Speaking of WALL-E…

A wall calendar in the MLI namechecks the robot protagonist of Pixar’s sci-fi classic.


The calendar literally pays homage to ‘WALL-E’ (Disney/Pixar)

But that’s not all on the walls

The aquarium is jam-packed with inside jokes and Pixar references. In the quarantine lab, there’s a snapshot of Darla — the fish-abusing girl from Finding Nemo — adorning one wall…


Darla, the scourge of sea life down under, pops up again (DIsney/Pixar)

…while Uku, the volcano from the short “Lava” (which ran before Inside Out), appears on a magnet on the mini-fridge.


Lava him or hate him, Uku appears in magnet form (Disney/Pixar)

In addition to appearing at the beginning of the film, Crush the sea turtle (or a reasonable facsimile) can be seen suspended from the ceiling near one of the exhibit tanks as Hank scrambles to get Dory back to her home.


Is this really Crush or do all turtles look alike? (Disney/Pixar)

Finally, the fine feathered eponymous star of the short “Piper,” which plays before Dory, is posterized on a wall in a different room at MLI, as initially revealed in a Kellogg’s commercial.


Piper the bird is as adorable as ‘Piper’ the short (Disney/Pixar)

Finding the original Nemo

Alexander Gould voiced the clownfish in the 2003 original. Now 22, he was too old to reprise the role, but that didn’t stop director Stanton from bringing him back. He plays one of the hapless Cleveland Aquarium truck drivers duped by Hank and Dory during the film’s climax, at one point uttering, “We’re so fired.”


Pay really close attention to this truck, it is the vehicle of many Easter eggs (Disney/Pixar)

The old standbys

Aside from Gould, there are a few other Easter eggs tied to the hijacked aquarium truck. The Luxo Ball, which dates back to Pixar’s very first short, can be seen in the center of the steering wheel, and the requisite nod to Stanton’s alma mater, A113, is on the truck’s license plate. (A113 is the California Institute of the Arts classroom where students like Pixar stars Stanton, John Lasseter, Pete Docter, and Brad Bird, along with dozens of other animation luminaries, got their start; A113 is one of the most prolific Easter eggs in Hollywood history, up there with the Wilhelm Scream.)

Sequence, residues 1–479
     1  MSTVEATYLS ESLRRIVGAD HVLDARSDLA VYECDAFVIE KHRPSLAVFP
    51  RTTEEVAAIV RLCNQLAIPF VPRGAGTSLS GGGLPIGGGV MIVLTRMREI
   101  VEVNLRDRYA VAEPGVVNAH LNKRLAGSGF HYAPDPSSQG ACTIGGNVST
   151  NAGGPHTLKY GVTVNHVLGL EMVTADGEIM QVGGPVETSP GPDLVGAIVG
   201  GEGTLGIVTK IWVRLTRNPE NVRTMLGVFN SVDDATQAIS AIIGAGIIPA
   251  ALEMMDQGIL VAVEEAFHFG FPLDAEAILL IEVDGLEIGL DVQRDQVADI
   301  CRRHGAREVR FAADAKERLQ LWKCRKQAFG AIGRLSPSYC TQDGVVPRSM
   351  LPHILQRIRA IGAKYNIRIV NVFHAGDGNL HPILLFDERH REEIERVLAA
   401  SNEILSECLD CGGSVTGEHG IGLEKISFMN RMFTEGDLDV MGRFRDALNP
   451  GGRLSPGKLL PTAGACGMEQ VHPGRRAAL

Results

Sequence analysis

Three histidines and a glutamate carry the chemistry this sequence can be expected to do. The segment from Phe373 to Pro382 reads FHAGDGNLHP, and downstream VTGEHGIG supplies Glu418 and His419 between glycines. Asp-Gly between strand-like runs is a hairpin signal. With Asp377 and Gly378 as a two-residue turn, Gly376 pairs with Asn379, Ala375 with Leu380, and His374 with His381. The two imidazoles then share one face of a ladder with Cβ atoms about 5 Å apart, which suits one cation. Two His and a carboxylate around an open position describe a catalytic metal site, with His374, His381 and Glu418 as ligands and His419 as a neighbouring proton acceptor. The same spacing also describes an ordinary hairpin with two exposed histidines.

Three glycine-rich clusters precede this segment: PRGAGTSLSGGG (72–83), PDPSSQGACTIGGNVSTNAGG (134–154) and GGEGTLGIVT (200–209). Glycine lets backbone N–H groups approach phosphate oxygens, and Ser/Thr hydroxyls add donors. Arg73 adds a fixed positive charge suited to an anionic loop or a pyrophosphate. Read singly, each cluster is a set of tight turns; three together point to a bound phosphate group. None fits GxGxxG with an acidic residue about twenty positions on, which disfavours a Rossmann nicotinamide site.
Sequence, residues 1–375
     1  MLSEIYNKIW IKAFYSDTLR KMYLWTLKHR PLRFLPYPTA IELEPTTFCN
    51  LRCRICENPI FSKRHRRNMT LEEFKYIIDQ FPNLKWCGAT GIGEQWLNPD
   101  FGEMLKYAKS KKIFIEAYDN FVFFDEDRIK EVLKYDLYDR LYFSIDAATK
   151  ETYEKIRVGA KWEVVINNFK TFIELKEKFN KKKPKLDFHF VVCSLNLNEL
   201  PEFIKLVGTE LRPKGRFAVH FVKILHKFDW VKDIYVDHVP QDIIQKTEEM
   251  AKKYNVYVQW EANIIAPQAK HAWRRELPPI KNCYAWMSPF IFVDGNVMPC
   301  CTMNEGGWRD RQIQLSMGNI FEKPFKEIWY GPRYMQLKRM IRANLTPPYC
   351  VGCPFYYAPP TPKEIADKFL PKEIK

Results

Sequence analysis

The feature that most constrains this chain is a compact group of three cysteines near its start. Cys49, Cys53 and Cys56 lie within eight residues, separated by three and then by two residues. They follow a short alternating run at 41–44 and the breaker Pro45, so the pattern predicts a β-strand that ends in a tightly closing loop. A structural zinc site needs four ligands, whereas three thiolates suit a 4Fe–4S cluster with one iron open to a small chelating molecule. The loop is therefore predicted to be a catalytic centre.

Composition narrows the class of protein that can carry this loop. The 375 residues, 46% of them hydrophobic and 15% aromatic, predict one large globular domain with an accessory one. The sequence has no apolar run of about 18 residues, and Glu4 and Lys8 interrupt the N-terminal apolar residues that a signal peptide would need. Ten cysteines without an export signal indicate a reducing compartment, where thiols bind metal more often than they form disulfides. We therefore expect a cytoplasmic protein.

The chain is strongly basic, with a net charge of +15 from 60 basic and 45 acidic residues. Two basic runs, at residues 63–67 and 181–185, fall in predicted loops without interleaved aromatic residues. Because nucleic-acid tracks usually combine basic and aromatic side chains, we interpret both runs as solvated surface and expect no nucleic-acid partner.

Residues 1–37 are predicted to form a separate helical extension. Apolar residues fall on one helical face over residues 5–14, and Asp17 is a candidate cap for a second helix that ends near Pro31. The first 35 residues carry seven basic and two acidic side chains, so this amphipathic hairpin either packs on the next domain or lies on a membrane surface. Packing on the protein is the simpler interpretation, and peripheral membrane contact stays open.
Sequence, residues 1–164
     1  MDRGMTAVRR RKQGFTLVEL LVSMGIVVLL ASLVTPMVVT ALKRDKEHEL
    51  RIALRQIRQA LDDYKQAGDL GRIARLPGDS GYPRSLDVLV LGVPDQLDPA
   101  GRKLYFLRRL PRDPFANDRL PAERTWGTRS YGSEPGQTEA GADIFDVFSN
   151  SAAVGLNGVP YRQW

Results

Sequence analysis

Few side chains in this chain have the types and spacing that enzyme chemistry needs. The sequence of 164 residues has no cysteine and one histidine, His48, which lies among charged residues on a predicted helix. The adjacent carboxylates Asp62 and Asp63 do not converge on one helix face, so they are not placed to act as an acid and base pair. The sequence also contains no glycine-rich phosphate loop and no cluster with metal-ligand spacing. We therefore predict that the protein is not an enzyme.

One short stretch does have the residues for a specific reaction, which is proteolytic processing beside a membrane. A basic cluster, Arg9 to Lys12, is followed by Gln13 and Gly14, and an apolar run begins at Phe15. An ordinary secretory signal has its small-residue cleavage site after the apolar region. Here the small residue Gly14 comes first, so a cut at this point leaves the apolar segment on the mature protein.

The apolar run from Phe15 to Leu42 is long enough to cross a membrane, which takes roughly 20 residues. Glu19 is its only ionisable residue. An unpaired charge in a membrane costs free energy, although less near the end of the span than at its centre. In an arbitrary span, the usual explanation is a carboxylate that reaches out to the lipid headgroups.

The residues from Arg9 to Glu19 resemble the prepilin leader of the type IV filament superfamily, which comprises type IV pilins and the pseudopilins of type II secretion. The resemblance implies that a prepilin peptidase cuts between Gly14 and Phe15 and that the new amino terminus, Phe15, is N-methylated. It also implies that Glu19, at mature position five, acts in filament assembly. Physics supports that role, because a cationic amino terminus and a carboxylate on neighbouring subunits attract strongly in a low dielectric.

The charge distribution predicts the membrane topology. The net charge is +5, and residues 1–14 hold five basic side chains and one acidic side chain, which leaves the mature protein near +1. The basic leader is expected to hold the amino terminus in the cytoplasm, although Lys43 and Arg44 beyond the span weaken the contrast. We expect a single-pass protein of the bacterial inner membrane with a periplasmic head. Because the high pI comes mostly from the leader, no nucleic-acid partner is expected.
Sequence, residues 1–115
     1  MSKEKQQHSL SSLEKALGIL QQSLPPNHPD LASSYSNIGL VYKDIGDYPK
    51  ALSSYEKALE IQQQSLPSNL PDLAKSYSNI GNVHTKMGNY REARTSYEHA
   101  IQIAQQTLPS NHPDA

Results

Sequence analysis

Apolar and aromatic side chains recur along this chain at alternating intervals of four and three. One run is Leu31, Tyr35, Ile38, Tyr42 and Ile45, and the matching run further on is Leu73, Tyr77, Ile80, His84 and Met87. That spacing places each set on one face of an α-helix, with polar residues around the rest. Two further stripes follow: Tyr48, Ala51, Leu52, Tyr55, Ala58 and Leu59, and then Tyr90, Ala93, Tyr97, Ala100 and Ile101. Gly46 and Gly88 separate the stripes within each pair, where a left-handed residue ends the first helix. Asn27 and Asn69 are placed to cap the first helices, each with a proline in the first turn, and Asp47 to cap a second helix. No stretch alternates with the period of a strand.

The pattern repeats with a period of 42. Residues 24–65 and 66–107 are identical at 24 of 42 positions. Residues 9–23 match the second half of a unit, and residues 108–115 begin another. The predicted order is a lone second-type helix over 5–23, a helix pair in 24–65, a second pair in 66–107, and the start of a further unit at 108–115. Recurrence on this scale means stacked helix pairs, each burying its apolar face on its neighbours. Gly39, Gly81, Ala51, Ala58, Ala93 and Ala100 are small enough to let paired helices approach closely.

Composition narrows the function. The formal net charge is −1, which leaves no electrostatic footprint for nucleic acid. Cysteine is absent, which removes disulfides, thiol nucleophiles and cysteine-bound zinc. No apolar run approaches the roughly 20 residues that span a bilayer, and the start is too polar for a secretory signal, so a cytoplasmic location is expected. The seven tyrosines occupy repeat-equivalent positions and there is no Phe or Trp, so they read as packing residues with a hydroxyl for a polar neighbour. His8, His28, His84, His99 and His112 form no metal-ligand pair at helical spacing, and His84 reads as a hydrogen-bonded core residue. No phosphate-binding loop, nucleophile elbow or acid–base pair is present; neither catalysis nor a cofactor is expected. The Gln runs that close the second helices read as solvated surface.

Pixar’s Pete Docter, Andrew Stanton, and John Lasseter point to their favorite classroom (CalArts)

We did it! Now what?

Last seen escaping from the dentist’s office in their plastic bags in Finding Nemo, Gill and his tank crew (Bloat, Peach, Gurgle, Bubbles, Jacques, and Deb) eventually make the scene in Finding Dory. But just barely. They float in during the post-credits sequence, passing by the sea lions and then scooped up by MLI staffers.


Stick around to the very end to see Gill and the tank gang make the scene (Disney/Pixar)

What we missed

One WALL-E reference we didn’t spot was Buy-N-Large, the corporate behemoth that has popped up in subsequent Pixar films. We also didn’t spot such usual suspects as the Chinese food container (which has appeared in A Bug’s Life, Monsters, Inc., and Inside Out), Andy’s globe from Toy Story (which most recently resurfaced in Inside Out), or a sneak peek at an upcoming Pixar feature (the studio has Cars 3 and the Day of the Dead-inspired Coco in the pipeline for 2017). The scene set in the shipping lanes will require repeat viewings on slo-mo to uncover what is likely a wealth of hidden references. Likewise, the big chase at the end might have some Cars cars or other cartoon cameos that went by too fast for our mortal eyes in the theater.

According to the fan site Pixar Post, Fluke and Rudder also have “A1” and “13” on their flipper tags — at least in some Finding Dory merchandise. Meanwhile, one eagle-eyed fan called Ultimate Orlando claims that piles in the aquarium have the same stamp as those on the Nemo submarine ride at the Disney parks.

In the end, what we’re really kicking ourselves for missing are the two Die Hard references that Stanton said he decided to include after learning about the Internet’s theory that all the Pixar films take place in the same continuity as Bruce Willis’s action franchise.

If you locate ‘em, please let us know the comments so we can keep an eye out next time we go looking for Dory.

Of course, Pixar is so notorious for stuffing its films with inside gags that sometimes fans might see an Easter egg where there might not be one. For instance, several folks have speculated that a VW Beetle that Dory conspicuously swims by is Herbie the Love Bug from the classic Disney family film. However, the VW on the ocean floor doesn’t have any of the racing striping or No. 53 stickers visible, making it difficult to believe it’s an homage to Herbie.


No, we don’t think the Love Bug has been scuttled, but some do (Disney/Pixar)

Pixar knows that movie-goers can obsess over these things, which is why Stanton and company had fun on April Fool’s Day when they revealed the ultimate Easter egg:

(H/t to Pixar Post and its ultra-observant members for initially spotting the Pixar address, WALL-E calendar, and Piper poster.)